3) He Hits in the Bronx
Now that the Yankees are winning, the focus has kind of gone away from Giancarlo Stanton, and the outfielder can just exist as a baseball player. That doesn’t mean fantasy players are any less invested in him though, and on Tuesday, Stanton came through in a big way. Facing the Red Sox for the first time in Yankee Stadium, the slugging outfielder went deep twice last night. The two solo shots gave him nine home runs and 21 RBI on the season to go along with his .237 batting average. None of those stats are ideal, but the power output could be worse. And in his last 15 games, Stanton is batting .296, so that just highlights how bad he was earlier in the season as he attempted to adjust to being a Yankee and dealing with the northeast weather. Now, we just need him to decrease his strikeout pace, and in turn raise the batting average, and Stanton’s April struggles will be behind us.
4) The Moose is Loose
For anybody that stacked Royals in DFS last night, especially those that started Mike Moustakas, you probably owe Dylan Bundy a cut of your winnings. The right-hander allowed seven runs on Tuesday without recording an out, and it was just the start for Kansas City’s offense as they put up 15 runs. After signing very late into the off-season, Moustakas was almost a forgotten man in drafts, and playing for the Royals this season isn’t exactly going to lift his profile. But overall, he has been one of the best hitters in baseball so far this season. The third baseman went deep twice last night, a solo shot off Bundy and a two run homer in the fifth, and that gave him 10 home runs so far this season. Moustakas later drove in two runs with a single, and despite the Royals’ middling offense, he has driven in 28 runs so far this season while batting .300.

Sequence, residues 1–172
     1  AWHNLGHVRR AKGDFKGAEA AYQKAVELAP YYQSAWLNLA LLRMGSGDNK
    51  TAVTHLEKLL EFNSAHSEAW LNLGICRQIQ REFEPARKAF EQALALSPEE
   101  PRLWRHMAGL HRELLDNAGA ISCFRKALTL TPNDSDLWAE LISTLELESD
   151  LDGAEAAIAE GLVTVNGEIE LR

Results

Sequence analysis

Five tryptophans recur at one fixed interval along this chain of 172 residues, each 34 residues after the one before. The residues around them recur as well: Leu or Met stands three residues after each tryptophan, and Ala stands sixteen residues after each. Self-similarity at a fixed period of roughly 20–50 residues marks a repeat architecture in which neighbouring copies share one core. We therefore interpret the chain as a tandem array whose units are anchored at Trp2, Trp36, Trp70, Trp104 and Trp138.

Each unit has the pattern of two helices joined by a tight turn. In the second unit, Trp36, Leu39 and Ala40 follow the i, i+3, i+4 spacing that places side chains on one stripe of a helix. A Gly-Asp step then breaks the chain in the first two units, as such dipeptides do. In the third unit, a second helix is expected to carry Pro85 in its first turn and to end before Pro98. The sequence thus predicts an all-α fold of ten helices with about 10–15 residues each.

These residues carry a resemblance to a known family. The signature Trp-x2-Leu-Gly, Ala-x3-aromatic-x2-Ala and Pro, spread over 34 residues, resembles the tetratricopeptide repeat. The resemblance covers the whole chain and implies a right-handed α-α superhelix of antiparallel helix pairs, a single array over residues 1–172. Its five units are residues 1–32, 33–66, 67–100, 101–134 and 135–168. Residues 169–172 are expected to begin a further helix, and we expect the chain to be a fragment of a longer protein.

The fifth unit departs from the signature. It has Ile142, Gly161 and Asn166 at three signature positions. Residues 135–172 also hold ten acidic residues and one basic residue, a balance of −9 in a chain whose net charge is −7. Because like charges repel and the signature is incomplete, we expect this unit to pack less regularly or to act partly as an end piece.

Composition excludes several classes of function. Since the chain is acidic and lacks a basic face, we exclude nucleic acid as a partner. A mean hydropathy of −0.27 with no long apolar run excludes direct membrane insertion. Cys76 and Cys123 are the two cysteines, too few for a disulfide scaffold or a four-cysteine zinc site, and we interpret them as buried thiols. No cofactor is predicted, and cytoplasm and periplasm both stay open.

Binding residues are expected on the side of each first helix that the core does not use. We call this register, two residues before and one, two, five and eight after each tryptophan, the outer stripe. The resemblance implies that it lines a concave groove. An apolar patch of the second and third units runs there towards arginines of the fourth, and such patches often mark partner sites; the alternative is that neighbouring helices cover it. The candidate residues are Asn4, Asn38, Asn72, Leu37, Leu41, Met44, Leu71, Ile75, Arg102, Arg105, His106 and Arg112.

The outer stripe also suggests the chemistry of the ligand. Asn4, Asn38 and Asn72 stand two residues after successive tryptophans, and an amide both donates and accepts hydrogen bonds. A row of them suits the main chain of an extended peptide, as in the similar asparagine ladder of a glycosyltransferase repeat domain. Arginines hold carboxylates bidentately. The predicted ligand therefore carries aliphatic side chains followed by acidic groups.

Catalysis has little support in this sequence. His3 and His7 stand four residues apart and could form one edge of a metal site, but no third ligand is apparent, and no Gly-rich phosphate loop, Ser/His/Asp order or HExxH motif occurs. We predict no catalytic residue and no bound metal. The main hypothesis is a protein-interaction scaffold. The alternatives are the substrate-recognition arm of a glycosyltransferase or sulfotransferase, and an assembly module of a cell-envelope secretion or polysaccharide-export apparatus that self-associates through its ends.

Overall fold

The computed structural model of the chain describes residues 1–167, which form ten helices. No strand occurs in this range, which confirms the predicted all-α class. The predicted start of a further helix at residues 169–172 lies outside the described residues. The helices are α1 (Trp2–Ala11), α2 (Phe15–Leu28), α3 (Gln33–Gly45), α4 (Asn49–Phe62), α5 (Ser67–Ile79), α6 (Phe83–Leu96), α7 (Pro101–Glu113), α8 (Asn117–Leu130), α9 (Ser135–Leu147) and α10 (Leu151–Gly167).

5) Nola Cruises Through the Giants